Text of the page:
When I saw Golden Boy
on Broadway last year as press I was so moved that I went and bought
myself a ticket to see it again before it closed. I especially wanted to see a particularly affecting moment near the end, in which the main character is in tears, slumped on the floor, his lover draped around him weeping, and he assesses how his entire life has been a failure. I waited with goosebumps on the edge of my seat for this scene as it approached, and right as it came around the woman-next-to-me's cellphone started buzzing, and she started fiddling with it to read the text message she'd just gotten. It was distracting, took me right out of the action on stage, and ruined what would be the last time I'd ever see one of my favorite things. Well, thanks, lady.
So, yeah, people with their cell phones at the theater. They're the worst. So that story about the guy who took a cell phone away from a woman during a performance of Natasha, Pierre and the Great Comet of 1812 and threw it against a wall? Well, yeah, I don't know if violence is the answer, but it sure is fun to enjoy vicariously: fantasies made real and such. (It joins other great theater cell phone stories: Hugh Jackman and Daniel Craig stopping a play to wait for a cell phone to stop ringing; Alan Gilbert halting a New York Philharmonic performance of Mahler's Ninth for the same reason.) But it's not just cell phones that are the worst at the theater. There's lots of annoying things people do. All of you, please stop doing the following.
Clapping when a Famous Person Walks On Stage
What are you clapping for? No really—stop and assess what applause really means. Are you congratulating this actor for everything he or she has ever done in his or her life up to then? If you passed this actor on the street, would you stop walking and start clapping? If you saw them eating in a restaurant? Good for you for recognizing who in the cast is famous and who's not, but I'm happy to try to figure it out on my own. If I can't, you can try to explain it to me in the lobby at intermission. "Did everyone see John Turturro? Did everyone see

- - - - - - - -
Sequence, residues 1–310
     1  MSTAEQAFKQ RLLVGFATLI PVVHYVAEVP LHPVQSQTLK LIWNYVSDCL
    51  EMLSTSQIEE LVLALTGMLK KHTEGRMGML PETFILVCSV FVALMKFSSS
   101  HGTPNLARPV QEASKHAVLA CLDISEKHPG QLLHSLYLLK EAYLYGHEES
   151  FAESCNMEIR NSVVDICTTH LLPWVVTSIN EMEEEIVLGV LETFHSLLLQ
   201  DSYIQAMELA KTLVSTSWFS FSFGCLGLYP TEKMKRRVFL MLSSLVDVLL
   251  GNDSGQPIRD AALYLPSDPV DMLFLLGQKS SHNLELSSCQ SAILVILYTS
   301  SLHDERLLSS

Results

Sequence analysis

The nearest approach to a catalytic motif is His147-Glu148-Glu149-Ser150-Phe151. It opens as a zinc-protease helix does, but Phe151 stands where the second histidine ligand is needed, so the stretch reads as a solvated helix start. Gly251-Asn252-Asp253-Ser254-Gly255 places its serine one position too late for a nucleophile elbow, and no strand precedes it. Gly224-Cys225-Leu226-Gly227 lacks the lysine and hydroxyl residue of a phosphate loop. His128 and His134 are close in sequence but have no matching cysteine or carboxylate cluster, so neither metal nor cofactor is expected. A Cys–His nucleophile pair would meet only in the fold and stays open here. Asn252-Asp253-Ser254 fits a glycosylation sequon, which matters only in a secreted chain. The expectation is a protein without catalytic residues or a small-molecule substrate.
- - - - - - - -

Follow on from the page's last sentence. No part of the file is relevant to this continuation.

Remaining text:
him? On the stage?"
Giving Standing Ovations
- "Look, it's the sponsor from the bank!"
No really—makes your applause mean something. Every show I see ends with a standing ovation, which is silly
. Not everything on a stage is excellent. I stand sometimes for really exceptional work, but it doesn't mean anything, because everyone stands for everything. So now those particularly great actors, or playwrights or violinists or whatever, won't know that they actually did a better job than most people do in their position. They'll just think they're average. That's not fair to them now is it. [photo
Jesus Christ, this is not your living room. It's a theater! People paid a lot of money to sit here; they don't want to listen to you chew and snap your gum because you can't spend the hour between curtain and intermission without something in your mouth. If there's just no way
you can sit through something without a piece of gum, you're not ready yet to do things outside with other people. [photo
Leaning Forward in Your Seat
Some people don't go the theater a lot, and so when they get stiff or antsy they might lean forward in their seat, elbows on the knees. But if you sit this way you suddenly block a huge space of the theater the size of your head for the person behind you. I know you're uncomfortable, but you have to sit back. Sorry! [photo
Deciding This Thing is No Good So Standard Rules of Behavior No Longer Apply
Every once in a while there's an old person in a play that's... let's say "not conventional," and they'll decide at some point this isn't really a play, and start asking the person next to them what's going on, or if this is serious, or just scoffing loudly at everything, as though quality is objective and we're all on his or her side. Or maybe it's just Act IV of this five-act opera and you're tired, so you start whispering to your companion. Either way, shhhhh. Or, as one memorable audience member once put it during Don Carlo
at the Met, "would you please shut the fuck up?" [photo
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